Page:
Water shortage has been an issue in Tanzania for decades and is likely to continue in the future. Several studies show that climatic changes in Tanzania have resulted in a decrease in total precipitation, a shift of the onset of the rainy season and an increase in the frequency and duration of droughts . These changes have materialised, for example, in the extreme decrease of water levels of Lake Victoria and Lake Tanganyika, and the 7-km recession of Lake Rukwa over the past 50 years . Additional challenges related to water availability include an increasing demand associated with agricultural expansion and intensification and with the domestic needs of a growing population . Unreliable precipitation in the highland areas has been the main driver for shifting agricultural production towards lower wetland areas, which offer comparatively fertile soils and year-round water availability . However, the conversion of wetlands in favour of agricultural production has negative trade-off effects on affected ecosystems.
Per capita water availability
Current projections of water availability in Tanzania display high uncertainty under both GHG emissions scenarios. Assuming a constant population level, multi-model median projections suggest no change in per capita water availability over Tanzania by the end of the century under RCP6.0 and only a slight decrease under RCP2.6 (Figure 9A). Yet, when accounting for population growth according to SSP2 projections4, per capita water availability for Tanzania is projected to decline by 76 % under both RCPs by 2080 relative to the year 2000 (Figure 9B). While this decline is primarily driven by population growth rather than climate change, it highlights the urgency to invest in water saving measures and technologies for future water consumption.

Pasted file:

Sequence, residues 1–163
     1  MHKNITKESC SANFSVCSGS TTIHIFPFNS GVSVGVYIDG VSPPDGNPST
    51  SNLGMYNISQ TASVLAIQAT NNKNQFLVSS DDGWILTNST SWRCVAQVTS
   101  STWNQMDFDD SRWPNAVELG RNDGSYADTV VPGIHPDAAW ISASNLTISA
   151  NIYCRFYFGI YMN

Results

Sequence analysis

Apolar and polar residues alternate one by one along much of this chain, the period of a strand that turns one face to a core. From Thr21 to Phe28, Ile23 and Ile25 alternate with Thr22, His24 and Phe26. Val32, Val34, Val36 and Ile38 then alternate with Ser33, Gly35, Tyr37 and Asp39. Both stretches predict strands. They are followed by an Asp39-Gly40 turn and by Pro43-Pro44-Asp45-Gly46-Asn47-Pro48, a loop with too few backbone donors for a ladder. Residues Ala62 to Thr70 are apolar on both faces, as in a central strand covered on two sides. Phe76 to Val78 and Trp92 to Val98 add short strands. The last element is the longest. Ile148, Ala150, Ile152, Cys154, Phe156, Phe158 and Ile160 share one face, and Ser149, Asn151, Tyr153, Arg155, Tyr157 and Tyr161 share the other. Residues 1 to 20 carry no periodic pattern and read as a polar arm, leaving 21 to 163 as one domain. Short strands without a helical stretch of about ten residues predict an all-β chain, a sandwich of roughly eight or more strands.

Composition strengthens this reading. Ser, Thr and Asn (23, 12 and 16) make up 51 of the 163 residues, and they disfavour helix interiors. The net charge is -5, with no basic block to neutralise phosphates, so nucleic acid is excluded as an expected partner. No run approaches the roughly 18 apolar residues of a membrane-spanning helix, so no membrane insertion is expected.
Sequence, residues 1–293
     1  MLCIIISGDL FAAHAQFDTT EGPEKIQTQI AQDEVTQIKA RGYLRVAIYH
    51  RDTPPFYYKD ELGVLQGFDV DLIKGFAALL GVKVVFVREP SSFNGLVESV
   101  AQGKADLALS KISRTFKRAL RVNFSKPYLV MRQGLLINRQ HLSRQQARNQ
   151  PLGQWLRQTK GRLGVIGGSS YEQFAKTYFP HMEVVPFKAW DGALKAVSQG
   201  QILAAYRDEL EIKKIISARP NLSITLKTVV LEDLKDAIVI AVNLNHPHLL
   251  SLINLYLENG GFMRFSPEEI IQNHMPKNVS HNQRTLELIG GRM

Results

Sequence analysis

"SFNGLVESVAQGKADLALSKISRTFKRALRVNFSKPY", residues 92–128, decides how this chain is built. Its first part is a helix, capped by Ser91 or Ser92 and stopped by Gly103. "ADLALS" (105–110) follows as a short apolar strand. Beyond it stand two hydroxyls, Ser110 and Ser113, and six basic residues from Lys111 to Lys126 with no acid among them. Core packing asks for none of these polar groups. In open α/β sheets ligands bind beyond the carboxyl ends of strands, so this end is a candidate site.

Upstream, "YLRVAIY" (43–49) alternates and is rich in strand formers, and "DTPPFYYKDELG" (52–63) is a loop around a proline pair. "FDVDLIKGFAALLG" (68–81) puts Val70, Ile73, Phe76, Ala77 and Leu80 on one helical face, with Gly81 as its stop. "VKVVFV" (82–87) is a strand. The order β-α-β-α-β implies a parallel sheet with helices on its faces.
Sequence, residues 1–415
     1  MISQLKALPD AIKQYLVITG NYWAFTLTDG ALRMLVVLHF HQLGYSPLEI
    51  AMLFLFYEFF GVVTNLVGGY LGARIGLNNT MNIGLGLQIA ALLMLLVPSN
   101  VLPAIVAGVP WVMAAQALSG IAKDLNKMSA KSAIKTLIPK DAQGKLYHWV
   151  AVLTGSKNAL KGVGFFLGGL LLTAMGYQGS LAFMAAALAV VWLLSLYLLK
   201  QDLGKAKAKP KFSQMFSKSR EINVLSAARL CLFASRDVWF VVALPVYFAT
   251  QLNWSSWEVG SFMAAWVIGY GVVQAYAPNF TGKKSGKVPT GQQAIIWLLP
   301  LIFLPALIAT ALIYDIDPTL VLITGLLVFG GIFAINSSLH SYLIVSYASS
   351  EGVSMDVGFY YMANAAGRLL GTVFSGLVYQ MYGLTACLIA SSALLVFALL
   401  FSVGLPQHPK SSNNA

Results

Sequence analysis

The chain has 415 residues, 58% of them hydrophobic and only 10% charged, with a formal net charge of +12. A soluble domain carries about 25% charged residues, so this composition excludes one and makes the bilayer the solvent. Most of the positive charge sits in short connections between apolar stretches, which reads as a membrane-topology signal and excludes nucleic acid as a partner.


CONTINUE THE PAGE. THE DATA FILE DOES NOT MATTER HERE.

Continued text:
Spatial distribution of water availability
Projections of future water availability from precipitation vary depending on the region and scenario (Figure 10). Under RCP2.6, water availability will decrease by up to 25 % in northern and south-eastern Tanzania, with most models agreeing on this trend. The picture for RCP6.0 is different: The model agreement on the direction of change is low for all parts of Tanzania.
4 Shared Socio-economic Pathways (SSPs) outline a narrative of potential global futures, including estimates of broad characteristics such as country level population, GDP or rate of urbanisation. Five different SSPs outline future realities according to a combination of high and low future socio-economic challenges for mitigation and adaptation. SSP2 represents the “middle of the road”-pathway.
 U. Adhikari, A. P. Nejadhashemi, M. R. Herman, and J. P. Messina, “Multiscale Assessment of the Impacts of Climate Change on Water Resources in Tanzania,” J. Hydrol. Eng., vol. 22, no. 2, pp. 1–13, 2017.
 A. E. Majule and M. A. Lema, “Impacts of Climate Change, Variability and Adaptation Strategies on Agriculture in Semi Arid Areas of Tanzania: The Case of Manyoni District in Singida Region, Tanzania,” African J. Environ. Sci. Technol., vol. 3, no. 8, pp. 206–218, 2009.
 Vice President’s Office Division of Environment, “National Adaptation Programme of Action (NAPA),” Dodoma, Tanzania, 2007.
 K. Velempini, T. A. Smucker, and K. R. Clem, “Community-Based Adaptation to Climate Variability and Change: Mapping and Assessment of Water Resource Management Challenges in the North Pare Highlands, Tanzania,” African Geogr. Rev., vol. 37, no. 1, pp. 30–48, 2018.
 R. Y. M. Kangalawe, “Climate Change Impacts on Water Resource Management and Community Livelihoods in the Southern Highlands of Tanzania,” Clim. Dev., vol. 9, no. 3, pp. 191–201, 2017.